Iraq raises flag
Iraqi officials yesterday raised the country’s flag above their newly designated embassy, as Arab ambassadors, State Department officials and Iraqis in Washington cheered.
The flag, the old red, black and green banner, went up at 1 p.m. after the State Department recognized the Iraqi Interests Section as the Embassy of Iraq.
The embassy at 1801 P St. NW is the same used by Saddam Hussein‘s dictatorship and earlier Iraqi governments.
Iraqi representative Rend Rahim, who presided over the ceremony, still is awaiting word on whether she will be appointed as ambassador of a sovereign Iraq.
Australian Ambassador Michael Thawley requested the recall of an Australian intelligence analyst after he left a briefcase full of classified material in a congressional office building, Australian news reports say.
Foreign Minister Alexander Downer this week said he accepted the ambassador’s recommendation and ordered Robert Owen-Jones to return to the Foreign Ministry in Canberra.
An Australian Embassy spokesman described Mr. Owen-Jones as an intelligence analyst with the country’s Office of National Assessments, which collects and reviews information collected by foreign intelligence agencies. Mr. Owen-Jones is not a spy, said spokesman Matthew Stuart Francis.
“Australia attaches the highest importance to the proper handling of classified material, and we take security breaches very seriously,” he said.
Mr. Francis said no intelligence material was “compromised” and the State Department did not insist on the removal of Mr. Owen-Jones.
In Australia this week, Mr. Downer downplayed the incident.
“I don’t think it is embarrassing for Australia,” he said. “It’s not an issue of great importance. People often get sent home from posts for all sorts of reasons. That happens several times a year, so I don’t think it’s of earth-shattering important, let me put it to you that way.”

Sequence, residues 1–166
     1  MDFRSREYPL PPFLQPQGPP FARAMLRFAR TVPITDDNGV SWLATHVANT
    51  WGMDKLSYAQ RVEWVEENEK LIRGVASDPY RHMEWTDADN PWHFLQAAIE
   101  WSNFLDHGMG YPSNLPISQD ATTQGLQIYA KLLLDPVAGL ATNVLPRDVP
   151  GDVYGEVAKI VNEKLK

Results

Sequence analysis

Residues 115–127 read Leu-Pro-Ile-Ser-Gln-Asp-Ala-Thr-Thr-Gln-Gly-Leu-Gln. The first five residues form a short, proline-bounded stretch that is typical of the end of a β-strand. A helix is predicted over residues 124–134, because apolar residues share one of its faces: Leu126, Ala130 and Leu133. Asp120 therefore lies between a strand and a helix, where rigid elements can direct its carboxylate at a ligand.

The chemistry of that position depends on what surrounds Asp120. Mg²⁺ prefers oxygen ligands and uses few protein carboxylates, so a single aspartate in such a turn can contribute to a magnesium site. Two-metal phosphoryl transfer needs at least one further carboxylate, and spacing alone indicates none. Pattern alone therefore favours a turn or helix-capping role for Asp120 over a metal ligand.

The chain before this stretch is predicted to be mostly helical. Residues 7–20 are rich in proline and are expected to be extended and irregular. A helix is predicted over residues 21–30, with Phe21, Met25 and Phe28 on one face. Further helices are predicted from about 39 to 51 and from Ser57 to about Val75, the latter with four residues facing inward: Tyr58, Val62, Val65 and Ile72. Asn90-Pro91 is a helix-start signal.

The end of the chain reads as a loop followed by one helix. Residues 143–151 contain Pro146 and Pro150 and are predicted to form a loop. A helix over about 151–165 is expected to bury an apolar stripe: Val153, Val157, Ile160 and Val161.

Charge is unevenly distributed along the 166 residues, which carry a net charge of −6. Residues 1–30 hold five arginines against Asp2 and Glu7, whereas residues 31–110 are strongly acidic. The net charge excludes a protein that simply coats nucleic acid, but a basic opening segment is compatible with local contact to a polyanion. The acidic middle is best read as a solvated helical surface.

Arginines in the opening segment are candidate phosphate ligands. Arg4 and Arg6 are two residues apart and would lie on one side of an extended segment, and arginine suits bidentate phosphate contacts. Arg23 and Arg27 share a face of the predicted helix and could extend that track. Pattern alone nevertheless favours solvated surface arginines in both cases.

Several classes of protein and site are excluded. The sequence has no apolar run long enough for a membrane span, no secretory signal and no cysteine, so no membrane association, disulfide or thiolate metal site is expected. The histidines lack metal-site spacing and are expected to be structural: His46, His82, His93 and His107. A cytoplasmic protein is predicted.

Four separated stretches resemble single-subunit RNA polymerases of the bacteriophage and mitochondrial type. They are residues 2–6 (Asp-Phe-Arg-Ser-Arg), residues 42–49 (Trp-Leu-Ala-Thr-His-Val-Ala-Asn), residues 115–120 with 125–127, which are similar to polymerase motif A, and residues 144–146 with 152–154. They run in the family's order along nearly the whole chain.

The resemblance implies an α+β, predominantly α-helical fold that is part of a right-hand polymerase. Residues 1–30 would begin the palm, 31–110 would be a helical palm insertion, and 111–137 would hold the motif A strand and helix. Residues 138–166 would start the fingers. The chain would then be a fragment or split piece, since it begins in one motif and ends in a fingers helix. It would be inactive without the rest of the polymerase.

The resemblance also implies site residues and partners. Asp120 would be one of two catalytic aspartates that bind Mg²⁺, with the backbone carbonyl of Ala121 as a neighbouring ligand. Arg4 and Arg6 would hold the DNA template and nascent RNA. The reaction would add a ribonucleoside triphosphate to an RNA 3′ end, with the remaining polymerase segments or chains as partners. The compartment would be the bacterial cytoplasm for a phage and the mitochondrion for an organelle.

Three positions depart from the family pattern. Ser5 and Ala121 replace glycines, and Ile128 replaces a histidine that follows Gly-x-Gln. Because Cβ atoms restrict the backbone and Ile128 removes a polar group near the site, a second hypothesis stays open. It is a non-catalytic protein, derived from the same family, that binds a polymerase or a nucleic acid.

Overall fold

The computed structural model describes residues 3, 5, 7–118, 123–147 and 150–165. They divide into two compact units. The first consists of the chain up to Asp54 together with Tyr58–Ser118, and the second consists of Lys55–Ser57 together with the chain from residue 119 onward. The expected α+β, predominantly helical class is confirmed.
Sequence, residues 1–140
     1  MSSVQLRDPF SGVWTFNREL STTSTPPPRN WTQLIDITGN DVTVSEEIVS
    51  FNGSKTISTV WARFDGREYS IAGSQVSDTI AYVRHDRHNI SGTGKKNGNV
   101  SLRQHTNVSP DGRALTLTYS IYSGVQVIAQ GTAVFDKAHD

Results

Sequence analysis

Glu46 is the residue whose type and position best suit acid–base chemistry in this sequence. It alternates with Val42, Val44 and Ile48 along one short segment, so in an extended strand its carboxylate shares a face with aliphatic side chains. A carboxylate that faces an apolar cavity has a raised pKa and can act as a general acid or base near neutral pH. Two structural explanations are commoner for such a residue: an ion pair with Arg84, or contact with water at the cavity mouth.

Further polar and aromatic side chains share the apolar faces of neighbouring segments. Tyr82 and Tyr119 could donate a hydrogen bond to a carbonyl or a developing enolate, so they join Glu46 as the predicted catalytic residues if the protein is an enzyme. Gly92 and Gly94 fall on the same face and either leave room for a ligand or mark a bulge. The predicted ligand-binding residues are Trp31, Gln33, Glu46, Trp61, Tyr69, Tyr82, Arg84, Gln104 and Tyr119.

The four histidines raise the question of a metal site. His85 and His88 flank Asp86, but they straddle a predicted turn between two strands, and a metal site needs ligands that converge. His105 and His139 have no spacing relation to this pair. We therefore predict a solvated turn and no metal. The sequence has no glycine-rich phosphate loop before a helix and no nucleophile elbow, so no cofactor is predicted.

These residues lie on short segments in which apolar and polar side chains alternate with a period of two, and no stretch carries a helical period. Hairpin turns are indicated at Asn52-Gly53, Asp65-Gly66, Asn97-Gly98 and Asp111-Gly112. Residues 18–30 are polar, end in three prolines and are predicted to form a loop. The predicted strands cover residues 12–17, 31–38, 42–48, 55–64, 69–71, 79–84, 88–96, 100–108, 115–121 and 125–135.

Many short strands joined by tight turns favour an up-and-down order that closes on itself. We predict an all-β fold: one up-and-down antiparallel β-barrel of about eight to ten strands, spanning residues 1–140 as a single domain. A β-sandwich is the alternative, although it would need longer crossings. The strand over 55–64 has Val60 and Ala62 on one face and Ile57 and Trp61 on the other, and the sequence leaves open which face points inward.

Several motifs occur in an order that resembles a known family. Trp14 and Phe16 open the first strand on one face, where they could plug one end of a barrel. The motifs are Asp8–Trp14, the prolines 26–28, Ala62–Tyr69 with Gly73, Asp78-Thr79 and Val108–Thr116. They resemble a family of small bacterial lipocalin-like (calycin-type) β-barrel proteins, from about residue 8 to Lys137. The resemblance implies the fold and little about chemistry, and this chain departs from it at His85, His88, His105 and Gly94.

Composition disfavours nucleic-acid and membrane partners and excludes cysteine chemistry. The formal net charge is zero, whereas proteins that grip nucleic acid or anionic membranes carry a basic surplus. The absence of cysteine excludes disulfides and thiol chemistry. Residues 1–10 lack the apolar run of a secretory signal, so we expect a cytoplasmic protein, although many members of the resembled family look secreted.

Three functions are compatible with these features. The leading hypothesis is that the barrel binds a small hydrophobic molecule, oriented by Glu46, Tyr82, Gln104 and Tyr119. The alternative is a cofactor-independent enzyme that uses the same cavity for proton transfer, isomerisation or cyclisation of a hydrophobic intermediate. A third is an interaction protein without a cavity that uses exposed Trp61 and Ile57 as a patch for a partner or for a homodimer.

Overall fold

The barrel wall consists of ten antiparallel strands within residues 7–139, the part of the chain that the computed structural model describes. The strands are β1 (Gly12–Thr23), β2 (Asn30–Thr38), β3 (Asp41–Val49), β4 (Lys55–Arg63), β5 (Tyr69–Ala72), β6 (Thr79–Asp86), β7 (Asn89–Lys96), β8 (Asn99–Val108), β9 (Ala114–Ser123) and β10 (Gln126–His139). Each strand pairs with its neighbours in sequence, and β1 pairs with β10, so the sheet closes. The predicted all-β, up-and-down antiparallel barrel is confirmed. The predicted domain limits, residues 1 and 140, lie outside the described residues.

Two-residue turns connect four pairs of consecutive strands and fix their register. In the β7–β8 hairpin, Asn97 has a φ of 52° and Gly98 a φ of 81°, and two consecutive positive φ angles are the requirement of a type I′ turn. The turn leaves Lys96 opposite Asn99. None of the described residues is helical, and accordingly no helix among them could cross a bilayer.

Australian news reports said Mr. Owen-Jones left the briefcase in a congressional office building by mistake. A U.S. official returned the briefcase to the embassy and reported the matter to the State Department. Some Australian officials have questioned some details in those press accounts.
Australian first envoy
Australian diplomat Neil Mules edged out U.S. Ambassador John D. Negroponte to become the first ambassador to present his credentials to the new Iraqi government.
Mr. Negroponte was the second ambassador to meet with President Ghazi Mashal Ajil al-Yawer, and Danish Ambassador Torben Gettermann was third in line in the first batch of ambassadors to introduce themselves on Tuesday, the day after the United States transferred sovereignty to the Iraqi interim government.
“I was delighted to be able to be the first ambassador to present credentials to the new president of Iraq and to have a brief conversation with him about the future of Australian-Iraqi relations, which are extremely positive,” Mr. Mules told reporters in Baghdad.
Mr. Negroponte told Mr. al-Yawer, “I am very proud to present to you my credentials from President George Bush of the United States. I am honored that he selected me to serve in this most important diplomatic assignment in my foreign service, of the highest priority to our national security and our foreign policy.”
Australia, one of the top U.S. allies in Iraq, has about 850 troops there, down from about 2,000 during the invasion that ousted Saddam Hussein. Denmark has about 380 soldiers there, while the United States, with about 140,000 troops, has the largest contingent.
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